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Saturday, 17 August 2019

Coronation Street Blog Interview: Lorna Laidlaw

For over two months now, the Baileys have been settling into their new home in Weatherfield. While their tenure thus far has not been without its hiccups – Ken and Claudia didn't bank on sharing a house with them via a hole in the wall, for instance – for the most part, their presence on the street has been fun and upbeat. No family on Corrie is without their secrets however, and we're about to find out more about this seemingly tight knit family.

My fellow blogger Ryan Oxley and I travelled to Coronation Street studios in Manchester to catch up with Lorna Laidlaw who plays Aggie Bailey, wife to Edison and mother to Michael and James. Those not wishing to encounter any spoilers should look away now.

The first thing that struck me when the Baileys arrived on the street was the authenticity of the family. The unit was entirely believable as a father, mother and two sons excited about making a fresh start in a new neighbourhood, and there was great chemistry between the four. What we didn't know however, was their reason for moving to Weatherfield. A mystery, Lorna tells us, which is about to be revealed.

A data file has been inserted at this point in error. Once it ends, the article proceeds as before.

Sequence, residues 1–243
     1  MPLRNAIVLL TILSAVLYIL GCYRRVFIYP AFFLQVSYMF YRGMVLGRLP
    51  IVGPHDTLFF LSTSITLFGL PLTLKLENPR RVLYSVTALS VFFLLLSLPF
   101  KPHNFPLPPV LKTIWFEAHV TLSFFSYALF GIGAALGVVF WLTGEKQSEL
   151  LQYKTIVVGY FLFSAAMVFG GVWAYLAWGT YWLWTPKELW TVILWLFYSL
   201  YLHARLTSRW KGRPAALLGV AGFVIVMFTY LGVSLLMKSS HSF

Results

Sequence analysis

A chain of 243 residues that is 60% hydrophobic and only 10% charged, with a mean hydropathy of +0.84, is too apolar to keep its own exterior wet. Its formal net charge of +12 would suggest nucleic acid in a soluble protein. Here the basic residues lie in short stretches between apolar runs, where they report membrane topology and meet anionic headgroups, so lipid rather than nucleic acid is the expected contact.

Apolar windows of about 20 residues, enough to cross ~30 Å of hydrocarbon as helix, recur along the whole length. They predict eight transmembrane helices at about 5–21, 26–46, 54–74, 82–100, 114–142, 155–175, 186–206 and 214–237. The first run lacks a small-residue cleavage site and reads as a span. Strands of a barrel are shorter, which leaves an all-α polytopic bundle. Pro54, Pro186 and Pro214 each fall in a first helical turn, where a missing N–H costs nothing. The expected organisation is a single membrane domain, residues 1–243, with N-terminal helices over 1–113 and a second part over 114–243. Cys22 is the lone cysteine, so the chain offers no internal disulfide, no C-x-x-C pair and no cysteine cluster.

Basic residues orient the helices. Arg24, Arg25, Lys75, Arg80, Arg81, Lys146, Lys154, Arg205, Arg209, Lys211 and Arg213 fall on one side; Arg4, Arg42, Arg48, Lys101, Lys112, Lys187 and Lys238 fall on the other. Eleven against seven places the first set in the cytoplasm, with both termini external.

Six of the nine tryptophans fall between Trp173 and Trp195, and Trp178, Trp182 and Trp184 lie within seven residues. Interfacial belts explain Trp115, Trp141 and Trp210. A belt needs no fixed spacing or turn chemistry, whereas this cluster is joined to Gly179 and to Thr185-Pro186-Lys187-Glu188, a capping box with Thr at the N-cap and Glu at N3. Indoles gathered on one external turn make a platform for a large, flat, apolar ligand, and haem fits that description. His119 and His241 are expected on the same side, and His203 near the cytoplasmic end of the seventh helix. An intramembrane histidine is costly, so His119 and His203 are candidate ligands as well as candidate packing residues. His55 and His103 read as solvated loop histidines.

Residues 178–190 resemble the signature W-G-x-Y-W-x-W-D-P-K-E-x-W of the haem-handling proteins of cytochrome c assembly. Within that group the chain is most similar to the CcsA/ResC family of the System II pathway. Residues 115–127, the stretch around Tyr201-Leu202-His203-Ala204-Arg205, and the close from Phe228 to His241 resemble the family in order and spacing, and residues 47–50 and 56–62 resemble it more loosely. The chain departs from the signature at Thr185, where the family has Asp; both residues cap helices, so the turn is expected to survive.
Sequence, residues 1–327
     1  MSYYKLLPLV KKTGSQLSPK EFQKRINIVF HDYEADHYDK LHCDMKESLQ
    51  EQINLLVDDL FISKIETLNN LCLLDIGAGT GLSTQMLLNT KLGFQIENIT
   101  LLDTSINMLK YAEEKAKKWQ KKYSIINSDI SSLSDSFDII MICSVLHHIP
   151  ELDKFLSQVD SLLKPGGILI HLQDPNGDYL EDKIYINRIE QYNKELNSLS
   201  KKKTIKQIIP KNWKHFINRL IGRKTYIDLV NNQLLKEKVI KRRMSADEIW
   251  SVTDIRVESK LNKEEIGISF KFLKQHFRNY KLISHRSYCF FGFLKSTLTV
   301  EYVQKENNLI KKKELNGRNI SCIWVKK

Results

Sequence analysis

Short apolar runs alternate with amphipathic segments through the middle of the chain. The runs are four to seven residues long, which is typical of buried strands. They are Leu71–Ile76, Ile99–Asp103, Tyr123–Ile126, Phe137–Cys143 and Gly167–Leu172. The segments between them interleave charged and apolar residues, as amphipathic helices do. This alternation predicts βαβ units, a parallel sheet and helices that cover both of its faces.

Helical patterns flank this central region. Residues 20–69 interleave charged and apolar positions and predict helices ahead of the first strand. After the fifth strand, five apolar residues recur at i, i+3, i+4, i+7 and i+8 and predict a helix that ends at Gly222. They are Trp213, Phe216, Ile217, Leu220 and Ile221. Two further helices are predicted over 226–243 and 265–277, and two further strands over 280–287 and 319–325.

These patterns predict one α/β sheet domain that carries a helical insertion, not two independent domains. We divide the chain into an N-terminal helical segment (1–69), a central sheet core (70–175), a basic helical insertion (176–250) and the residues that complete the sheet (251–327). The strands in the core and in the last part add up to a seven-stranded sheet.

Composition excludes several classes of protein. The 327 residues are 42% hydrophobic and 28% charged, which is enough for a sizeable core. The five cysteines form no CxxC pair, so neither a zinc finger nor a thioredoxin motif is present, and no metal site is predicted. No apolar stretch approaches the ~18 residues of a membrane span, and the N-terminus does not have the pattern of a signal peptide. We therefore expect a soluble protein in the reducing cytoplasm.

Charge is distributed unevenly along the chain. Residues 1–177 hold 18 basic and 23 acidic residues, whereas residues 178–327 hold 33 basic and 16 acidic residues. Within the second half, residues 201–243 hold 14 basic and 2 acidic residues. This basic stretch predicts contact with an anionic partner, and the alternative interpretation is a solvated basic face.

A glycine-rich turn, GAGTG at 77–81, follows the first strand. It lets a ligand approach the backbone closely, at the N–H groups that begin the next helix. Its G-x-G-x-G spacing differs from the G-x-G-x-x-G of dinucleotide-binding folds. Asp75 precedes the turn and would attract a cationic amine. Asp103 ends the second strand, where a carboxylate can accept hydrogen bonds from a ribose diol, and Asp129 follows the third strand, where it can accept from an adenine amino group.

"This storyline is absolutely the explanation," she says. "Edison's got a gambling problem. He has gambled before, and they have spoken about it and he's promised he'd never gamble again." Despite Aggie being aware of previous transgressions, however, she has no idea that he lost the previous family home on foot of it. She believes that it was son Michael who accrued the debt which saw them having to downsize, but it turns out he was simply shouldering the blame for his father. "It's a lovely thing for a son to do really, to take that massive thing on," says Lorna, "because he does not want his Mum and Dad to split up, which is so sweet."